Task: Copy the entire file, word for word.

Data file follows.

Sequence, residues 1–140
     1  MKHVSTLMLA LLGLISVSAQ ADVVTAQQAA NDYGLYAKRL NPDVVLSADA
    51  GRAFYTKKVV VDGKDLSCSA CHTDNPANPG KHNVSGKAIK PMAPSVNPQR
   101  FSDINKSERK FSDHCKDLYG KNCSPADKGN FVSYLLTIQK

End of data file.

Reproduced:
Sequence, residues 1–140
     1  MKHVSTLMLA LLGLISVSAQ ADVVTAQQAA NDYGLYAKRL NPDVVLSADA
    51  GRAFYTKKVV VDGKDLSCSA CHTDNPANPG KHNVSGKAIK PMAPSVNPQR
   101  FSDINKSERK FSDHCKDLYG KNCSPADKGN FVSYLLTIQK